Blue Badge Only parking sign as hidden disabilities now part of scheme

New data has revealed the number of Blue Badges in circulation has dramatically increased following the change in eligibility policy but the number of council-owned disabled parking spaces available has lagged behind, creating a nationwide shortage.

A Freedom of Information request and analysis carried out by Confused.com found that there approximately 55,000 local authority-controlled disabled parking spaces in the UK, while there are more than two million Blue Badge holders – averaging to 38 badges per space.

The revelation follows changes to the Blue Badge scheme last August which opened up eligibility to people with less visible disabilities, such as dementia, autism, and anxiety.

The shift in policy was welcomed by many individuals and organisations, including the National Autistic Society and Disability Rights UK. However, others, such as Disabled Motoring UK and disability campaigner Steve Wilkinson, raised concerns that the scheme could end up being oversubscribed and under-resourced, leaving those with mobility issues struggling.

To help local authorities cope with the increase in demand for applications and spaces, the government provide an extra £1.7 million to councils in the first year of the programme.

According to Confused.com’s findings, more than 35,000 badges have been issued under the new ‘hidden disability’ criteria.

On the other hand, councils have only installed 1,825 new disabled parking spaces in the last 12 months.

Alongside the number of blue badges in circulation far outstripping the availability of spaces, Confused.com highlights that the problem is exacerbated by an estimated 5 per cent (two million) of the driving population suspected of using disabled spaces when they shouldn’t.

Confused.com pointed out that two-thirds of Blue Badge holders have been forced to park elsewhere due to all disabled parking spaces being occupied

Alex Kindred, car insurance expert at Confused.com, commented: “Opening up the Blue Badge scheme to people with hidden disabilities is a really positive move. But it seems there haven’t been many updates to parking to accommodate for the increase in people applying for a permit.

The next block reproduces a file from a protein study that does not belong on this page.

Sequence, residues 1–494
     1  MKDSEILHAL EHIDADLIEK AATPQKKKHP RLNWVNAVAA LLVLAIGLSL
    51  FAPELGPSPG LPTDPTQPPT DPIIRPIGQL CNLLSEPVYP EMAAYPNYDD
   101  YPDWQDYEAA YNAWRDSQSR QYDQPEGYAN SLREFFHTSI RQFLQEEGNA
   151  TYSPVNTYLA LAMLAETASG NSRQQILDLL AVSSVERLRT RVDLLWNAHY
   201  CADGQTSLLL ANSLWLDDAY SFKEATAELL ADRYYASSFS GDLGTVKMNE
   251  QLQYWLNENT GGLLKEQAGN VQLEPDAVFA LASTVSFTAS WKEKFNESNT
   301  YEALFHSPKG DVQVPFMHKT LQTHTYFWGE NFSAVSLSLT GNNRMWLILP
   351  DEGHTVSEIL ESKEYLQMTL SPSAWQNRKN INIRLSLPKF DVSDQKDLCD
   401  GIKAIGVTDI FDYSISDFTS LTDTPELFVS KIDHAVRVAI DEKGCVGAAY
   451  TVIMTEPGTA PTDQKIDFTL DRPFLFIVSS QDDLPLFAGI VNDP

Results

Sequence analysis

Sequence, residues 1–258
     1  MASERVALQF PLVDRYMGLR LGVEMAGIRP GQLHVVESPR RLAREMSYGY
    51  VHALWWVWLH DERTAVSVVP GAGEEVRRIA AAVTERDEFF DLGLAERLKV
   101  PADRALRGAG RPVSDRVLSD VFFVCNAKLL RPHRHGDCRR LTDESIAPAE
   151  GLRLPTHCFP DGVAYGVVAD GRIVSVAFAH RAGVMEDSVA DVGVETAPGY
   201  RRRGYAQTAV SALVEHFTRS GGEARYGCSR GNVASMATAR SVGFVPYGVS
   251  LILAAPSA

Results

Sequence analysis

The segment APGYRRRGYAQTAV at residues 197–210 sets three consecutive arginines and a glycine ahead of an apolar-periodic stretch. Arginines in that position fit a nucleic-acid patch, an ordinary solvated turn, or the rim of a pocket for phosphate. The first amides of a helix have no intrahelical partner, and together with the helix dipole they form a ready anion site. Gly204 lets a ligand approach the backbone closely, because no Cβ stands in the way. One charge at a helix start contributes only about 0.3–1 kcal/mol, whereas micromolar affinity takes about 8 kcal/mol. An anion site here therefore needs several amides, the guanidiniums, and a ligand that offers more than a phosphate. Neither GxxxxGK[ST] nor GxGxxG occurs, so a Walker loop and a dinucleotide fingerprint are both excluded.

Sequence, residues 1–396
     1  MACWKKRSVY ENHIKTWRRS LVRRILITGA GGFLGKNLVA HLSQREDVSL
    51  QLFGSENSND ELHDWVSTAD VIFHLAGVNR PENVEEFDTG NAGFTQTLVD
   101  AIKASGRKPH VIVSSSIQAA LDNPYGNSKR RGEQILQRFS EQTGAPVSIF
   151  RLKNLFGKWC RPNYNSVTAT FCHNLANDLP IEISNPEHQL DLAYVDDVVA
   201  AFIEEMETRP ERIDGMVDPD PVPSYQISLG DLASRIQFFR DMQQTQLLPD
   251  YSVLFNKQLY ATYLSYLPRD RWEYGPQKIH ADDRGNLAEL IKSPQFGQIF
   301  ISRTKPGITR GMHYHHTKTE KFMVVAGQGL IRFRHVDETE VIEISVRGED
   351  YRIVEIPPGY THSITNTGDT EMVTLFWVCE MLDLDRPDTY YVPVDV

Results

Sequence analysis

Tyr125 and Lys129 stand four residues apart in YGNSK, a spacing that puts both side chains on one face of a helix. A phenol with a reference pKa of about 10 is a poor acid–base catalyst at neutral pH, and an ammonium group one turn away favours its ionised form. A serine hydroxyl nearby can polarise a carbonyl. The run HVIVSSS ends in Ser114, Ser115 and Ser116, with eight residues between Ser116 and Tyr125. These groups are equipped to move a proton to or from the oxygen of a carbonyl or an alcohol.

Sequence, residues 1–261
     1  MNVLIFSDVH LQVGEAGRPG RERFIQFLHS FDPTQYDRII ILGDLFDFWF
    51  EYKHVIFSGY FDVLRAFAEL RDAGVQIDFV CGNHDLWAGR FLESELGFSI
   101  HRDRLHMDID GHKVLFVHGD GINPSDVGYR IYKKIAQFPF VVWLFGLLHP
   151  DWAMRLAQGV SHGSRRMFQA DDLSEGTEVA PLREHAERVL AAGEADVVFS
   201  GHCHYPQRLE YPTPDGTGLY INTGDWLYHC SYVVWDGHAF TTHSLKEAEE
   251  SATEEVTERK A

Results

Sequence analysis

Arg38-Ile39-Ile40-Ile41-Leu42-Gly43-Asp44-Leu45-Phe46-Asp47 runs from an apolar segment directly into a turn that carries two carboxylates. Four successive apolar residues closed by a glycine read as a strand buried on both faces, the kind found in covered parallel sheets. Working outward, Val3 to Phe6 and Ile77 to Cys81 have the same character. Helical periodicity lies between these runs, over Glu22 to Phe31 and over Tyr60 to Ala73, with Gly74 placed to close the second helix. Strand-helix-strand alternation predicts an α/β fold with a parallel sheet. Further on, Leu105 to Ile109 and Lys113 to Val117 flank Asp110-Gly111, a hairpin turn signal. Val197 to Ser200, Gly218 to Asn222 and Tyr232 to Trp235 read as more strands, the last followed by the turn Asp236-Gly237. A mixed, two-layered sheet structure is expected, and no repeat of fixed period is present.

“It’s clear there’s a need for more parking – 38 Blue Badge holders to one space is going to create a lot of issues for these drivers. But the issue is made worse by people taking advantage. The rules are clear: if you aren’t a Blue Badge holder, you don’t use the dedicated space.”

Highest disabled parking space demand by region

Analysing which regions have the most Blue Badge holders per bay, Yorkshire & the Humber ranked the highest with 129 badges per space, while the East Midlands was a close second with 122.

The East of England and West Midlands also scored particularly high, with 93 and 91, respectively.

At the other end of the scale, London boasted a lower than the average number of badges to spaces, with 20. Scotland had the lowest with 12 Blue Badges to every one council-owned disabled parking space.

RegionBlue Badge holders per parking space
East Midlands122
East of England93
London20
North East35
North West63
Scotland12
South East33
South West38
Wales45
West Midlands91
Yorkshire & the Humber129
https://i2.wp.com/thiis.co.uk/wp-content/uploads/2019/06/blue_badge_extension.jpg?fit=1000%2C563&ssl=1https://i2.wp.com/thiis.co.uk/wp-content/uploads/2019/06/blue_badge_extension.jpg?resize=150%2C150&ssl=1Calvin BarnettGovernment & Local AuthoritiesReports & ResearchSector NewsBlue Badge,Blue Badge holders,Confused.com,Disabled Motoring UK,Disabled Parking,disabled parking spaces,Hidden Disabilities,local authorities,Mobility,policy,researchNew data has revealed the number of Blue Badges in circulation has dramatically increased following the change in eligibility policy but the number of council-owned disabled parking spaces available has lagged behind, creating a nationwide shortage.A Freedom of Information request and analysis carried out by Confused.com found that there...News, views & products for mobility, access and independent living professionals